Why is the First Book in the Bible Called Genesis?

You’ll know how the story fits together if you know why it’s called Genesis.

Genesis is a Greek word (γένεσις) meaning birth, how something came to be, the account of a family.

The Septuagint translators (c. 200 BC) used genesis to translate tô·lē·ḏôṯ — a Hebrew word meaning a record of descendants or successors. The narrator used this word at key points. Watch for it, and you’ll see how the book fits together.

Genesis leads us through the story of Israel becoming God’s nation: the twelve tribes of Jacob, the son of Isaac, the son of Abraham. These accounts of the patriarchs are the tô·lē·ḏôṯ (genesis) of Israel.

But that’s not where the story starts. It makes a bigger claim, that the whole creation was generated by God. The generations of Adam belong under God. God took responsibility for the mess in Noah’s generation, and in the world of Noah’s descendants. Abraham is called as God’s plan to bring the nations back under his sovereign providence.

The tô·lē·ḏôṯ structure

Before the patriarchs, the tô·lē·ḏôṯ statements introduce God as the father of everyone and everything:

  • the whole creation, generated by God (2:4),
  • Adam’s generations through Seth (5:1),
  • Noah, re-generating the earth under God’s reign (6:9),
  • Noah’s descendants as the nations (10:1, 32).

When the nations went their own way, God promises Abraham a kingdom (a land with descendants) through whom he will restore his blessing to the nations (12:1-3). This is told as the tô·lē·ḏôṯ of:

  • Shem’s descendant Terah the father of Abraham (11:10, 27) who fathers Ishmael and Isaac (Genesis 12–25),
  • Ishmael (25:12-13),
  • Isaac (25:19), father of Esau and Jacob (Genesis 25–35),
  • Esau (36:1, 9), father of the Edomite kings (Genesis 36),
  • Jacob, (37:2), father of Joseph and his brothers (Genesis 37–50).

Ishmael’s tô·lē·ḏôṯ is very brief, since God has already told Abraham, through Isaac your offspring will be reckoned (Genesis 21:12). Esau’s tô·lē·ḏôṯ lists his leading descendants, but we know Jacob has inherited the blessing and the promise of the land, while Esau has already moved to Edom (Genesis 32:3; 33:14-16; 36:1, 8-9, 16-17, 30-32, 43).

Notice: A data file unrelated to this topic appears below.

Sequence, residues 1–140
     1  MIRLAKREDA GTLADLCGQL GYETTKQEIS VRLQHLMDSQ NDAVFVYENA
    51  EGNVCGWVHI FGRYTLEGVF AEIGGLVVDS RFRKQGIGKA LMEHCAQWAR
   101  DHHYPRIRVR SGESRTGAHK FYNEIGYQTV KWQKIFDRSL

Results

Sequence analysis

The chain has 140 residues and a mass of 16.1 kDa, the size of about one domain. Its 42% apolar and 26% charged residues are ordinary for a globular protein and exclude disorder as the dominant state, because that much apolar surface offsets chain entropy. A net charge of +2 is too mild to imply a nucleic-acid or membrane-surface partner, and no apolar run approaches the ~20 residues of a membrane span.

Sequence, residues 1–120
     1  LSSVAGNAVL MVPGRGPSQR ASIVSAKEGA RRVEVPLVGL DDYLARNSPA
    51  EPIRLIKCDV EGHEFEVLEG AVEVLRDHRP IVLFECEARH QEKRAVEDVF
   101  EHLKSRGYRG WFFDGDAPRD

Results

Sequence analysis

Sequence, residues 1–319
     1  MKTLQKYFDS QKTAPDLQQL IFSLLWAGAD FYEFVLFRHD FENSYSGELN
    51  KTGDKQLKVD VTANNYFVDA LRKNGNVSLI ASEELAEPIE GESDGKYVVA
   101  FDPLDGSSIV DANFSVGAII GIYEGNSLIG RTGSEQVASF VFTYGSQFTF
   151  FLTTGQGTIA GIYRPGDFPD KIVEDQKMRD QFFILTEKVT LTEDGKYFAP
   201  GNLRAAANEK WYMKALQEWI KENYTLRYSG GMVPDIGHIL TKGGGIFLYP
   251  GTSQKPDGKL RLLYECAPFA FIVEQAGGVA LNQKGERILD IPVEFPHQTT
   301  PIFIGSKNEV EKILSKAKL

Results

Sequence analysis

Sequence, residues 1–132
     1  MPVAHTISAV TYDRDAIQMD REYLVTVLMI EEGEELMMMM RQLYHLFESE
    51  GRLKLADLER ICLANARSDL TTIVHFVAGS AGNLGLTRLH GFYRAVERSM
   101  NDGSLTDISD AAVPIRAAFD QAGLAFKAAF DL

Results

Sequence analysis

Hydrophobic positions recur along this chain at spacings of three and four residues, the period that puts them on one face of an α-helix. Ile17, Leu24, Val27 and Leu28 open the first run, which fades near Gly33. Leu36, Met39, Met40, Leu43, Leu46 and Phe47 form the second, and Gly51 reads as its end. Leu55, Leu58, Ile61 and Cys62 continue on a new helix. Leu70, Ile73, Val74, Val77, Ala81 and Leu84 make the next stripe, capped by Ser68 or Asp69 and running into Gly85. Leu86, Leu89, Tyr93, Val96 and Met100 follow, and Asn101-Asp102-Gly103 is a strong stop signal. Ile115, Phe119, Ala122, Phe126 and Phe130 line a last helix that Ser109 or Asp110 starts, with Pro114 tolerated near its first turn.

That means the patriarchal record is primarily structured around the tô·lē·ḏôṯ of Abraham, Isaac, and Jacob.

So next time you hear the word Genesis, remember the title gives us the structure of the book. It’s all about God as the sovereign source of everything, the Heavenly Father of everyone, and of his astounding love in faithfully pursuing his human family to rescue us through the family of Abraham, Isaac, and Jacob (Israel).

What God generated, God restores

The rest of the Old Testament is the roller-coaster journey of the nation God established. That story is incomplete until we get to the New Testament.

Matthew opens with these words: Βίβλος γενέσεως. Literally: the book (biblos) of the genesis (genesis) of Jesus the anointed son of David, son of Abraham (Matthew 1:1).

The Genesis story is not complete until the generations are back under God’s sovereign care, until the earth is functioning as a kingdom of heaven as he intended in the beginning. That goal is finally fulfilled in the anointed son of David who restores God’s kingship, the son of Abraham who extends the blessing of God’s reign beyond one nation in one land to all the nations and the whole earth who receive the Abrahamic promise through giving their loyalty (faith) to him (Galatians 3).

God promised Noah he would never give up caring for everyone and everything, no matter how hard we were to rule (Genesis 9:8-17). That promise is fulfilled as the nations give their obedience to God’s anointed ruler (Romans 1:5; 16:26).

In Christ, we’re living out the fulfilment of everything God promised in the beginning, with the earth under his management being restored as the garden of God (Revelation 22:1-5).

To him be glory in the assembly that meets around him (ekklēsia), the people in King Jesus, throughout all generations, for ever and ever. May it be so! (Ephesians 3:21).

What others are saying

Victor P. Hamilton, The Book of Genesis, Chapters 1–17, NICOT (Grand Rapids, MI: Eerdmans, 1990), 2:

Few books of Scripture reveal the lines of demarcation between their individual units as clearly as does Genesis. This is due to the presence of the formula ʾēlleh ṯôleḏôṯ, used ten times throughout Genesis.

Gordon J. Wenham, Genesis 1–15, Word Biblical Commentary (Dallas: Word, 1987), xxii:

The author or final redactor of Genesis has arranged the material so that each new development in the history is introduced by the phrase, “This is the (family) history of.” …

This helps to put Genesis into perspective. It does not stand on its own, but rather contains essential background for understanding those events which constituted the nation of Israel as the Lord’s covenant people.

Seeking to understand Jesus in the terms he chose to describe himself: son of man (his identity), and kingdom of God (his mission). Riverview Church, Perth, Western Australia
View all posts by Allen Browne

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